Lonrho: ‘presently enforceable legal right’

In this 1980 case, the House of Lords considered whether documents in the possession of a company’s foreign subsidiary were within the ‘power’ of the parent company for the purposes of the Rules of the Supreme Court Order 24 rule 2(1) (Order 24 was the predecessor to CPR 31). The House of Lords held: ‘In the context of the phrase “possession, custody or power” the expression power must, in my view, mean a presently enforceable legal right to obtain from whoever actually holds the document inspection of it without the need to obtain the consent of anyone else.’6 (Lord Diplock at 635)

This recognised the fundamental principle that a company is entitled to manage its own affairs, and as such, has the right to grant or refuse permission to its parent to see documents. Although this seems logical, it is widely regarded as having established (or at least confirmed) important territorial limitations to disclosure. This is a known source of frustration to HMRC (and, doubtless, to civil litigants), who would clearly wish to be able to obtain documents from the offshore subsidiaries of onshore corporate defendants.

Lord Diplock also noted, however, that the facts of that particular case were so exceptional that it was not appropriate to make a ‘general disquisition’ and that, depending on the particular facts of another case, different considerations may apply.

North Shore: ‘within a person’s control’

North Shore addressed the rules of disclosure of documents in a person’s control under CPR 71.2(6) in the context of a trust. The question was whether, if documents are in a person’s ‘control’, this necessarily means that the person also has a ‘presently enforceable legal right’ to those documents.

This case concerned a loan of USD50 million from North Shore to Anstead in March 2003, which was guaranteed by two individual controlling shareholders of Anstead. In August 2008, North Shore issued a claim for monies owed by Anstead to North Shore. However, in the interim period the two shareholders had disposed of virtually all of their (and Anstead’s) assets, having transferred them to certain trusts of which the shareholders, their wives and children were discretionary beneficiaries. Anstead had then been put into liquidation.

Judgment was given in March 2010 and in October 2012 North Shore applied for orders under CPR 71.2(6) that the shareholders be required to produce certain trust documents. The shareholders submitted that they were no longer beneficiaries of the discretionary trusts to which the assets had been transferred and that any order should be qualified by the words ‘in so far as they are within their knowledge, possession, custody or control’.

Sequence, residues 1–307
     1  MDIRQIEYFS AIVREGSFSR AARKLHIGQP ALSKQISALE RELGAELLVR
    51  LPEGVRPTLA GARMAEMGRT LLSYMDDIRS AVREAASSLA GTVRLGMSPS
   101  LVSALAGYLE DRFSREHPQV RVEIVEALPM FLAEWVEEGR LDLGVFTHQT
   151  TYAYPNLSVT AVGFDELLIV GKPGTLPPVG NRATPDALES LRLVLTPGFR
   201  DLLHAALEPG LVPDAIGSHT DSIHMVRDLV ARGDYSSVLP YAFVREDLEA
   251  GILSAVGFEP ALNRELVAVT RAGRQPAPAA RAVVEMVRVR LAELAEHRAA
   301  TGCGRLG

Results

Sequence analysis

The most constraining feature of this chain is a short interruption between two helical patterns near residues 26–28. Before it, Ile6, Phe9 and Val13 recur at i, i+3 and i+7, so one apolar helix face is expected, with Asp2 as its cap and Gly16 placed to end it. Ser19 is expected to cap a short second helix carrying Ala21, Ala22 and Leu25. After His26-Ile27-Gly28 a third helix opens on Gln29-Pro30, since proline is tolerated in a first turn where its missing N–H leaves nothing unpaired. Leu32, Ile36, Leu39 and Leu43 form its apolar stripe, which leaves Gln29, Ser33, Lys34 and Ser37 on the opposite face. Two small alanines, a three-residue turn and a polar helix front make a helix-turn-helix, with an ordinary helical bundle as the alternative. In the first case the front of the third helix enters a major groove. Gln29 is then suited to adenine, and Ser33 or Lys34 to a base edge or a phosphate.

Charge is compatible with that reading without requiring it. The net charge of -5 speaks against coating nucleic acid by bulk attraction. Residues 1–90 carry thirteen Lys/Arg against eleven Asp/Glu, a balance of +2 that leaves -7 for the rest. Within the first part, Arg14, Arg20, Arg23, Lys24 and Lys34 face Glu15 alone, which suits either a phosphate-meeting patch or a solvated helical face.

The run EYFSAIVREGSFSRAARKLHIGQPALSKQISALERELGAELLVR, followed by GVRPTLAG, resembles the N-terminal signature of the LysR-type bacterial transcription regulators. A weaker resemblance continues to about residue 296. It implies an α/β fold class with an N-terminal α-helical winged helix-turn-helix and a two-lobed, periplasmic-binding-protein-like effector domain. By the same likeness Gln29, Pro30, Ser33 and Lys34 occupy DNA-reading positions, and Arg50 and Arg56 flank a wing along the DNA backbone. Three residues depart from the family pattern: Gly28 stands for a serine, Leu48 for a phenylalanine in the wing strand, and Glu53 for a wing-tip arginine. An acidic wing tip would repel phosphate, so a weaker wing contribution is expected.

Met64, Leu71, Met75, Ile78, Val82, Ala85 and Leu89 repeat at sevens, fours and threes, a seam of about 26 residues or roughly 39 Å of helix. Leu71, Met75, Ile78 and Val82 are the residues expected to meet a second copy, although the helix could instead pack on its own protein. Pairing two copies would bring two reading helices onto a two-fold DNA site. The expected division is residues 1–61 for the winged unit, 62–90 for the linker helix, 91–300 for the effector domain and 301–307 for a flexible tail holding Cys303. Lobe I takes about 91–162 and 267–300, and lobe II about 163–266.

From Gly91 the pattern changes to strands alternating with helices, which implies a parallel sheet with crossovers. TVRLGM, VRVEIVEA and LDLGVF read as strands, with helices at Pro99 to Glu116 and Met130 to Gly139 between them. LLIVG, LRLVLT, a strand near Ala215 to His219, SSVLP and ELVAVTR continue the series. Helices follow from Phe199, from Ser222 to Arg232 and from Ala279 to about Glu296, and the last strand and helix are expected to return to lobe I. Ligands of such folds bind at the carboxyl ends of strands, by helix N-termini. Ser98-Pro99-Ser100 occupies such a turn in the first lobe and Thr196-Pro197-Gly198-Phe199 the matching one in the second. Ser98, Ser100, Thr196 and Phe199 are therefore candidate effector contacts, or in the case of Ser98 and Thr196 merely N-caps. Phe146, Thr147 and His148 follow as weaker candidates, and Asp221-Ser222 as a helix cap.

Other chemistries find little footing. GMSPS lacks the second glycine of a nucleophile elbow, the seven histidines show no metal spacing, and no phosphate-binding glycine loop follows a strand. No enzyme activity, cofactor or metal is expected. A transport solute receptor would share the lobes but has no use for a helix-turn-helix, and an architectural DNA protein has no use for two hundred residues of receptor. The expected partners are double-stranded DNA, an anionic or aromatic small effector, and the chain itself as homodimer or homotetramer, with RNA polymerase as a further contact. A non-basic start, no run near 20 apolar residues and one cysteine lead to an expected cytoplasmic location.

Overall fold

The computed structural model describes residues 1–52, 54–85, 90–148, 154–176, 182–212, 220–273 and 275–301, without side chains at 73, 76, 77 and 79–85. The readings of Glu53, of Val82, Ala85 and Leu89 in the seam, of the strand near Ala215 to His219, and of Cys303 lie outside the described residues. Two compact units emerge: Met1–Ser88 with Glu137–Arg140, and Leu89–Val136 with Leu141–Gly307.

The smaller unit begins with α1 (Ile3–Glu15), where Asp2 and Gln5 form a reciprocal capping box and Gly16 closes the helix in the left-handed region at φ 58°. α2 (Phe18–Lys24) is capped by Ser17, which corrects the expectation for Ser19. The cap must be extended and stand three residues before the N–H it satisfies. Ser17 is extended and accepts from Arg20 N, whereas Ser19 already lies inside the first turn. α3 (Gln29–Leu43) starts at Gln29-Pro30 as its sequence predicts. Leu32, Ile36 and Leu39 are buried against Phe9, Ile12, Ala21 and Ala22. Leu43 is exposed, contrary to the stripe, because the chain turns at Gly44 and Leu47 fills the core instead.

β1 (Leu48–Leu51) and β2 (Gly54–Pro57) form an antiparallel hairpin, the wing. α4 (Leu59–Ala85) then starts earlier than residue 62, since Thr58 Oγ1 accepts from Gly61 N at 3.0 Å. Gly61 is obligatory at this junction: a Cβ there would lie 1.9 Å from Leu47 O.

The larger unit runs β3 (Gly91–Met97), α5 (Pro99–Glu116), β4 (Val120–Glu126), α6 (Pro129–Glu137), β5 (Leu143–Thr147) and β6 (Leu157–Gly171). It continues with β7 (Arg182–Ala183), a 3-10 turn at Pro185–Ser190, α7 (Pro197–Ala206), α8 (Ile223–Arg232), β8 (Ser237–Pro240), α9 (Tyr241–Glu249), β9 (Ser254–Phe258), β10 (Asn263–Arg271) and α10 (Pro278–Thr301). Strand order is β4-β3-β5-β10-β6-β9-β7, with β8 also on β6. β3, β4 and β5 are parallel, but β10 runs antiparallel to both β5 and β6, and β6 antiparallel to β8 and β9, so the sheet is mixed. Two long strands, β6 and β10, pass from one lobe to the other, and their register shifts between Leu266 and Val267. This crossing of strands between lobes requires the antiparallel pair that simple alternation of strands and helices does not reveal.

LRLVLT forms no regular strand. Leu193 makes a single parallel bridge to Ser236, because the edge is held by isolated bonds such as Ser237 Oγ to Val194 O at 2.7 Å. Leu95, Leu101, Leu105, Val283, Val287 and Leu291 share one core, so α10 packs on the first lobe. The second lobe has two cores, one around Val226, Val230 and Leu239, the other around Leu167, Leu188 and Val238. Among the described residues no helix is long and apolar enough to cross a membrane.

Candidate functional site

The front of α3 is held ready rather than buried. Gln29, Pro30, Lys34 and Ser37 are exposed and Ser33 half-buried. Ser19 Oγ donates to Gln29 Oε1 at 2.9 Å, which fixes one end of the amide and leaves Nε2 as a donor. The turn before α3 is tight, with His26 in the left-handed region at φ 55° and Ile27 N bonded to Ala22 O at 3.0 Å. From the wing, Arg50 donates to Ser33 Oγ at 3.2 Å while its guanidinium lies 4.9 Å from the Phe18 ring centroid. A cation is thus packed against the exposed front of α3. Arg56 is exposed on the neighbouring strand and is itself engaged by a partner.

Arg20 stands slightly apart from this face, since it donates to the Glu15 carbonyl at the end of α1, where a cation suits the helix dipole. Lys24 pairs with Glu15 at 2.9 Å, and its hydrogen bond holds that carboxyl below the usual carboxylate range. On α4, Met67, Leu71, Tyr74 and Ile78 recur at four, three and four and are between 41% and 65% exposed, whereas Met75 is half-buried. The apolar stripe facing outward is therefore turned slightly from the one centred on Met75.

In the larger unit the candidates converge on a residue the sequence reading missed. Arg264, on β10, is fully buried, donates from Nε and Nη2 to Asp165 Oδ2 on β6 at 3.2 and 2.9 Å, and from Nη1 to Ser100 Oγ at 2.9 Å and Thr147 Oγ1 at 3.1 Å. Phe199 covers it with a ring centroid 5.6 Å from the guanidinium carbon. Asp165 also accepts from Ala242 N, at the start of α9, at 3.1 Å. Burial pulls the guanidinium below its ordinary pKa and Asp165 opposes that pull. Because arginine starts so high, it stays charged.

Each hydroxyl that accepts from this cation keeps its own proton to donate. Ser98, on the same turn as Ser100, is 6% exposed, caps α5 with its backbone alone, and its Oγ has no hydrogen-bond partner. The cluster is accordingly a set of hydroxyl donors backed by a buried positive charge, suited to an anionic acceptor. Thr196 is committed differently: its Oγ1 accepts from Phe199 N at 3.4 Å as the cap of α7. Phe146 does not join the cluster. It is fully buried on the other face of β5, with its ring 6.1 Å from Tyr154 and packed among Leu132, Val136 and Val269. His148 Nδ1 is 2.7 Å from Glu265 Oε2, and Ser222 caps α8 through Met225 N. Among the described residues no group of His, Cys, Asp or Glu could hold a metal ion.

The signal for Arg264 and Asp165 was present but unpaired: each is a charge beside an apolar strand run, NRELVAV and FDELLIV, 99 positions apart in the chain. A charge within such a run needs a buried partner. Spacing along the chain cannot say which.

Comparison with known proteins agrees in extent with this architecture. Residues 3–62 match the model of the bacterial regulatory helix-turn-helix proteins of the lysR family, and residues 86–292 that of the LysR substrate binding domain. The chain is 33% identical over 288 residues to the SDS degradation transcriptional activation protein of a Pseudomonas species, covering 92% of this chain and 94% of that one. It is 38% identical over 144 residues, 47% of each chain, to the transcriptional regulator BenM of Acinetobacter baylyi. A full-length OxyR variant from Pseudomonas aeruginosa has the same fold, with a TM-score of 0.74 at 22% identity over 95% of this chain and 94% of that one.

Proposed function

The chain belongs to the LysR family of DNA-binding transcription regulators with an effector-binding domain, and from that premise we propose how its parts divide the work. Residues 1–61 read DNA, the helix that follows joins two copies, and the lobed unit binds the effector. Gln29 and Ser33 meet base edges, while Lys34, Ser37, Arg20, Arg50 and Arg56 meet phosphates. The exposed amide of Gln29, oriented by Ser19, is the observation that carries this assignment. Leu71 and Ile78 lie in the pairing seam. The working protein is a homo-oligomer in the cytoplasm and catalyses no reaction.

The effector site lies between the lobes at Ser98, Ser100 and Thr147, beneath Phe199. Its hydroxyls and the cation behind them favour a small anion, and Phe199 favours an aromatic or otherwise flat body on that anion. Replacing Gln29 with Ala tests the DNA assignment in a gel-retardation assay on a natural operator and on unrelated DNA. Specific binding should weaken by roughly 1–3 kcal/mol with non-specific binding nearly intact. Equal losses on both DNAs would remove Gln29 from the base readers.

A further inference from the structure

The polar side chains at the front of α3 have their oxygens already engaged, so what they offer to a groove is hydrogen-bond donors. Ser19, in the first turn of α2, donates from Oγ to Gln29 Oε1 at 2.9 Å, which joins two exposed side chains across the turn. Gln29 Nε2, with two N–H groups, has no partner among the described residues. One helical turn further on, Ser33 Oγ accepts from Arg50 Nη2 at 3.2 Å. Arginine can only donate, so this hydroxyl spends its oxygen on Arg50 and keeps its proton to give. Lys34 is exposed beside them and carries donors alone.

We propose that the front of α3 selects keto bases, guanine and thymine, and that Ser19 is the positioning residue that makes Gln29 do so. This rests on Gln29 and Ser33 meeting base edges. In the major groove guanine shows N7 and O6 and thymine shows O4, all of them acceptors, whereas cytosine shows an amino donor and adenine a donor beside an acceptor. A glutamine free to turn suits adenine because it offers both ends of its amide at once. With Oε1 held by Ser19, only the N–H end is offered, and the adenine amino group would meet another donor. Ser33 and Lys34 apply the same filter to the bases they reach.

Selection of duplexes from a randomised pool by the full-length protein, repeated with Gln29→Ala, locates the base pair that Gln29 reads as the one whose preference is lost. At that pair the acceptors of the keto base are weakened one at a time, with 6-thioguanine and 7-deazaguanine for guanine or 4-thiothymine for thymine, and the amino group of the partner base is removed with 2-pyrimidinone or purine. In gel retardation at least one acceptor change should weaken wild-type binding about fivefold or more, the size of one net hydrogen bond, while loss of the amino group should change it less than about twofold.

Floyd J disagreed with the shareholders. The wives and children of the shareholders were still beneficiaries of the trust and accordingly the order for disclosure should be made.

The shareholders sought to rely on Lonrho and appealed, claiming that the documents relating to the administration of the trusts were not within their control. Following the decision in Lonrho, you would think that this would be correct because the appellants had no present and enforceable legal right to obtain the documents sought.

However, the Court of Appeal dismissed the appeal. It was held that the nature of the relationship between the trustee and the appellants was such that there was an understanding that the trustees would take whatever steps the appellants wanted in the administration of the trusts. The Court stated that, if the trustee were an ‘agent’ of a litigant, the Court would not hesitate to make an order for disclosure of such documents.

Therefore, the judge at first instance was entitled to regard the documents in the physical possession of the trustees as being documents within the appellants’ ‘control’ within the meaning of CPR31.8.

This appears to demonstrate the Court of Appeal’s view that the word ‘control’ (which is not separately defined in CPR 71.2) has the same meaning as that under CPR 31.8 for the purposes of CPR 71.2(6). Furthermore, the concept of ‘right to possession’ in CPR 31.8(2)(b) covered the situation where a third party is in possession of documents as agent for a litigant; even, in this case, where the agency could only be implied from the circumstances.